Courses - Spring 2020

ASTRO 1102 Our Solar System

 

Distribution: (PBS-AS)
Academic Career: UG Instructor: Nikole Lewis (nkl35)
Jonathan Lunine (jil45)
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ASTRO 1104 Our Solar System

Identical to ASTRO 1102 except for addition of the laboratory.

Distribution: (PBS-AS)
Academic Career: UG Instructor: Nikole Lewis (nkl35)
Jonathan Lunine (jil45)
Full details for ASTRO 1104 : Our Solar System
ASTRO 2201 The History of the Universe

General discussion of how the universe has evolved since the Big Bang era and how our understanding of it has changed from ancient to modern times. Several main themes are covered over the course of the semester: the evolution of our view of the sky from that of ancient cultures to that of space telescopes; the formation and nature of black holes; dark matter and dark energy; and the origin, evolution, and fate of the universe. Presents a nonmathematical introduction to these subjects and discusses uncertainties and unresolved issues in our understanding.

Distribution: (PBS-AS)
Academic Career: UG Instructor: Nicholas Battaglia (nb572)
Full details for ASTRO 2201 : The History of the Universe
ASTRO 2211 Astronomy: Stars, Galaxies, and Cosmology

Course surveying the evolution of the universe from the Big Bang onwards: what happens in the first few minutes of the universe's life; star formation, structure, and evolution; the physics of white dwarfs, neutron stars, and black holes; galaxy formation and structure; and cosmology. The roles of quantum physics, particle physics, and relativity in astrophysics are discussed (no prior knowledge of these is assumed). The course is more in-depth than ASTRO 1101/ASTRO 1103. All course materials are made available online.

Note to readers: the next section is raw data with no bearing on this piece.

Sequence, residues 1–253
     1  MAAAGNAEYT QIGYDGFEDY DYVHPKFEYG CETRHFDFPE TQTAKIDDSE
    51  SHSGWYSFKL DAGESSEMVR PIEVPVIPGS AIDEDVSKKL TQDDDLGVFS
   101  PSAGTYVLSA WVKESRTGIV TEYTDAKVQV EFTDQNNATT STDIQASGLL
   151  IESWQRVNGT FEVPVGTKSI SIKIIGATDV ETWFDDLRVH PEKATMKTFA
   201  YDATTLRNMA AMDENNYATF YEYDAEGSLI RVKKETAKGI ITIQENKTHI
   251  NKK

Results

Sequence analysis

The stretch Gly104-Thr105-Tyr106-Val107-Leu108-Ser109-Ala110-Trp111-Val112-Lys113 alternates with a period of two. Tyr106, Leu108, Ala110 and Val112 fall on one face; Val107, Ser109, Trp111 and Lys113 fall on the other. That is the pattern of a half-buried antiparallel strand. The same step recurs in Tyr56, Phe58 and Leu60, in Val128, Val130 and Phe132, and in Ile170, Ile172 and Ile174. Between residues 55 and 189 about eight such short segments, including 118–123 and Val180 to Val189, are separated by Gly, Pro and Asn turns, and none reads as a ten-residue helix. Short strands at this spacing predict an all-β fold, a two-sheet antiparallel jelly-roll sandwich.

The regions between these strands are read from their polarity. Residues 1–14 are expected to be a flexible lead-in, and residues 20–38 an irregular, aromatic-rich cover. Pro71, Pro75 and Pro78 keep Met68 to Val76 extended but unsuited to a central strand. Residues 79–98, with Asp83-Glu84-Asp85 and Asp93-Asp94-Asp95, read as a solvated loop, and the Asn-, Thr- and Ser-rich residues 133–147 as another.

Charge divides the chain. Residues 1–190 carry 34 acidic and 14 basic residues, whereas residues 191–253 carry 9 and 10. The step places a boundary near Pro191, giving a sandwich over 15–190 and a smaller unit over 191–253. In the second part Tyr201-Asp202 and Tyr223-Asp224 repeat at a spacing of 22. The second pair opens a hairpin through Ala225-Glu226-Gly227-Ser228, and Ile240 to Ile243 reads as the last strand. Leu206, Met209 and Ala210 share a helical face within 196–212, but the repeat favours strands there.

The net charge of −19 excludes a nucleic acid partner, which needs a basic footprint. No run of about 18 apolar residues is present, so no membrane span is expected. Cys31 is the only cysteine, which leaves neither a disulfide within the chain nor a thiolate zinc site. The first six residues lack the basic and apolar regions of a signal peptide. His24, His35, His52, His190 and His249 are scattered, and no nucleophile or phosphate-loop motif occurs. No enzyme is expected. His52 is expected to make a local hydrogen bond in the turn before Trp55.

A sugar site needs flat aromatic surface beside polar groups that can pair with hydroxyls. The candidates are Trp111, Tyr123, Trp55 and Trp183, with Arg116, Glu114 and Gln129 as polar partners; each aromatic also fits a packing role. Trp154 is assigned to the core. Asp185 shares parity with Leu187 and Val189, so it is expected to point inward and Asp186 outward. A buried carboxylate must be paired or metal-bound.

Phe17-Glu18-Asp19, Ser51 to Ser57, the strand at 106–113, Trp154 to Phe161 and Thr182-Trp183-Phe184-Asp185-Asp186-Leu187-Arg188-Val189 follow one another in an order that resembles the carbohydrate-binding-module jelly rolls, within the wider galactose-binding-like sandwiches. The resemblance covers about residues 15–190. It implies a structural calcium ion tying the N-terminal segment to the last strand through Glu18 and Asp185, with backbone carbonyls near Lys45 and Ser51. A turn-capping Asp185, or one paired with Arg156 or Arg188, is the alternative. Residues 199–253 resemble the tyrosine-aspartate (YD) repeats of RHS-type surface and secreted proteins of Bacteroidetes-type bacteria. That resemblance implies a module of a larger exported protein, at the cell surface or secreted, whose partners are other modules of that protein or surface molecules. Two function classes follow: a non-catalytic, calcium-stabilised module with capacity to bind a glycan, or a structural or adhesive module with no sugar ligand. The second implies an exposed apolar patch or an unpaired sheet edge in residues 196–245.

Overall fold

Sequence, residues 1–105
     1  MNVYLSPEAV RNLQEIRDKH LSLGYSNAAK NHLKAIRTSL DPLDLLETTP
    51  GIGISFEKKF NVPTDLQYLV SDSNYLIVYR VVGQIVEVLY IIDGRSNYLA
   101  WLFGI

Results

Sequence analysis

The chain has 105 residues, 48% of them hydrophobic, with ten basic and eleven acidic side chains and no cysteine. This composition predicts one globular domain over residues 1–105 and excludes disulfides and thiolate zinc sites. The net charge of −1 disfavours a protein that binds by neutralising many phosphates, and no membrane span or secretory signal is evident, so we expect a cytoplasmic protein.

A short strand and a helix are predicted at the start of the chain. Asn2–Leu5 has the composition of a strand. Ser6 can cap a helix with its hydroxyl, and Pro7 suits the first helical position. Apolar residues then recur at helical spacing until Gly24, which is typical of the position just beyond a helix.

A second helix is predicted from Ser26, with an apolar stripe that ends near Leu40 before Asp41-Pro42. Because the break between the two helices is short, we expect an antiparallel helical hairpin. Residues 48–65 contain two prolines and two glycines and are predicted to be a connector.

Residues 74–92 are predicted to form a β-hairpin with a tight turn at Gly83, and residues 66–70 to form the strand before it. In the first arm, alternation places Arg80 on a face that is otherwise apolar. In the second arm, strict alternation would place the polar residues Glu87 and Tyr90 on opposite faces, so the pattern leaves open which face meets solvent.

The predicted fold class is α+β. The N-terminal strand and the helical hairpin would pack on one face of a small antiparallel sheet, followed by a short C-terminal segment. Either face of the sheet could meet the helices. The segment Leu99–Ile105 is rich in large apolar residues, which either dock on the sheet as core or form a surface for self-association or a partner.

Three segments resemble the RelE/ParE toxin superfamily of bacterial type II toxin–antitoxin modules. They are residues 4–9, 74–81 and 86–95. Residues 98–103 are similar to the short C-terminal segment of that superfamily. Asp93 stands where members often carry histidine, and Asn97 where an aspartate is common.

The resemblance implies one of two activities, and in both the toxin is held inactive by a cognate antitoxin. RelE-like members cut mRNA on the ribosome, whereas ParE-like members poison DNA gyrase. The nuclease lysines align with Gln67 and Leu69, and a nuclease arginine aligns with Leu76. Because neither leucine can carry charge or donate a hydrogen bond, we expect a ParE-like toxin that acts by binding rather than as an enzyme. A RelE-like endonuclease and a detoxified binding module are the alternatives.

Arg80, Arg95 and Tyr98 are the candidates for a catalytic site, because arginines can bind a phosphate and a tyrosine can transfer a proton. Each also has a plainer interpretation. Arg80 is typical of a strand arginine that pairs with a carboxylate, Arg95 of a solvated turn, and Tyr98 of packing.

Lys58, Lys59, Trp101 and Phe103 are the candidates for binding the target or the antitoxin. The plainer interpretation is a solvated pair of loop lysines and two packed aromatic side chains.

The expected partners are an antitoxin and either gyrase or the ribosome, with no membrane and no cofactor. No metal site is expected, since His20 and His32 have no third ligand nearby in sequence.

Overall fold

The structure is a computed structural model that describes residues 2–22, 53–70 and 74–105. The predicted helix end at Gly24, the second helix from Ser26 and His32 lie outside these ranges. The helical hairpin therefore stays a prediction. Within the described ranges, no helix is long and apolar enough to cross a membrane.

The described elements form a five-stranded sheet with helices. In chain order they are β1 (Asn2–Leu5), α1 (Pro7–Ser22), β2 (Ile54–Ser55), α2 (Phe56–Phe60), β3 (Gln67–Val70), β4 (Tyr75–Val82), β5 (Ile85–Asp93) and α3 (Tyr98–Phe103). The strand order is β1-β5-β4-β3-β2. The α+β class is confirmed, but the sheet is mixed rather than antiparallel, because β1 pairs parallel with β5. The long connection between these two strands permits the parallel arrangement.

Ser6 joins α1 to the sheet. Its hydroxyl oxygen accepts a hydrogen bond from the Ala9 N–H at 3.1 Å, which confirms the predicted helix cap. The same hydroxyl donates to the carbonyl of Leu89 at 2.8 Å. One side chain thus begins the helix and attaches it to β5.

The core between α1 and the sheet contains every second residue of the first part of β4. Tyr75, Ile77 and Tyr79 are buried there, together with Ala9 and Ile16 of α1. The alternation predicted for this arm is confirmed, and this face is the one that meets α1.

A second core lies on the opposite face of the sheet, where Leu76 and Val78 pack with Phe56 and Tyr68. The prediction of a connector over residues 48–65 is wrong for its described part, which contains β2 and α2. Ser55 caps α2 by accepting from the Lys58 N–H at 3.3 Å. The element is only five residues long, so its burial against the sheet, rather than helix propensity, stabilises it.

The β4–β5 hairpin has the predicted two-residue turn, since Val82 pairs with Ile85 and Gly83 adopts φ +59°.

Distribution: (PBS-AS)
Academic Career: UG Instructor: Terry Herter (tlh10)
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ASTRO 2299 Search for Life in the Universe

This course surveys the possibilities for life in the universe and the search for it, against the backdrop of our modern understanding of the cosmos.  It covers ideas about the origin of the universe and how structure arises, the formation of stars and planets, how life might have begun on planets, the evolution of life on the Earth, and the search for life elsewhere in the solar system and beyond.

Distribution: (PBS-AS)
Academic Career: UG Instructor: Jim Cordes (jmc33)
Lisa Kaltenegger (lk433)
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ASTRO 3303 Galaxies Across Cosmic Time

This course provides an overview of our current understanding of how galaxies have evolved over the last 13+ billion years and how their evolution has been influenced by their local intergalactic environment.  We will look at the evidence that links supermassive black holes, gas accretion and merger events to galaxy evolution and track the star formation rate from early to current epochs.  Additional topics will include the formation and distribution of clusters and groups of galaxies, the importance of dark matter and how galaxy evolution fits into the framework of current cosmological models.

Distribution: (PBS-AS)
Academic Career: UG Instructor: Dominik Riechers (dar329)
Full details for ASTRO 3303 : Galaxies Across Cosmic Time
ASTRO 3334 Data Analysis and Research Techniques in Astronomy

Introduction to the tools of data processing and analysis for research in astronomy.  The course reviews the techniques employed in astrophysical research, both observational and theoretical, to explore the universe.  Methods and strategies of data acquisition and image and signal processing are discussed. Students gain hands-on experience with visualization techniques and methods of error analysis, data fitting, numerical simulation, and data scalability.  Exercises address the processes by which astrophysicists piece together observations made with today's foremost astronomical instruments to solve questions concerning the origin of planets, stars, galaxies, and the universe itself.  This course prepares students with the techniques and computing tools necessary to undertake research in astronomy and other data-driven fields.

Distribution: (PBS-AS)
Academic Career: UG Instructor: James Lloyd (jl554)
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ASTRO 3340 Symbolic and Numerical Computing

Introduces Mathematica and modern symbolic manipulator programs to students in quantitative disciplines. The course will cover language concepts, programming tools and techniques and draw examples from a wide variety of fields including mathematics, astronomy, physics, engineering, biology, statistics, finance, and the general topic of big data. For the final project the student will apply the capabilities to an individual area of interest. Both undergraduates and graduates may register.